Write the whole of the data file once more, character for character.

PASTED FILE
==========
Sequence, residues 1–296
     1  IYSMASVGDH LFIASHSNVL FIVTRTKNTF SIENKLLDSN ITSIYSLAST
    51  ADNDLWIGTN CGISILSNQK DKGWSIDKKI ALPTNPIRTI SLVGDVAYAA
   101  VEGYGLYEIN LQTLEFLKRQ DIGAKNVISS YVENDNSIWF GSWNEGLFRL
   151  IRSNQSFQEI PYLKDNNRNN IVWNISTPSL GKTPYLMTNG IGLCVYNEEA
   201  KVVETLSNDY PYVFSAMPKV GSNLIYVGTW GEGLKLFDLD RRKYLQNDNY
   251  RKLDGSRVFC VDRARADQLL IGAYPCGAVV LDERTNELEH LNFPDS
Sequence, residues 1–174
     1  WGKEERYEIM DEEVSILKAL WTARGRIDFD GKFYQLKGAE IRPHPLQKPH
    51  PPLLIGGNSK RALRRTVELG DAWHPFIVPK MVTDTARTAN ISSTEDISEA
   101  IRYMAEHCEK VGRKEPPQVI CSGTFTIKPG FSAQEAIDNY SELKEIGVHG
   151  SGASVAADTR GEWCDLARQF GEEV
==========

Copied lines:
Sequence, residues 1–296
     1  IYSMASVGDH LFIASHSNVL FIVTRTKNTF SIENKLLDSN ITSIYSLAST
    51  ADNDLWIGTN CGISILSNQK DKGWSIDKKI ALPTNPIRTI SLVGDVAYAA
   101  VEGYGLYEIN LQTLEFLKRQ DIGAKNVISS YVENDNSIWF GSWNEGLFRL
   151  IRSNQSFQEI PYLKDNNRNN IVWNISTPSL GKTPYLMTNG IGLCVYNEEA
   201  KVVETLSNDY PYVFSAMPKV GSNLIYVGTW GEGLKLFDLD RRKYLQNDNY
   251  RKLDGSRVFC VDRARADQLL IGAYPCGAVV LDERTNELEH LNFPDS
Sequence, residues 1–174
     1  WGKEERYEIM DEEVSILKAL WTARGRIDFD GKFYQLKGAE IRPHPLQKPH
    51  PPLLIGGNSK RALRRTVELG DAWHPFIVPK MVTDTARTAN ISSTEDISEA
   101  IRYMAEHCEK VGRKEPPQVI CSGTFTIKPG FSAQEAIDNY SELKEIGVHG
   151  SGASVAADTR GEWCDLARQF GEEV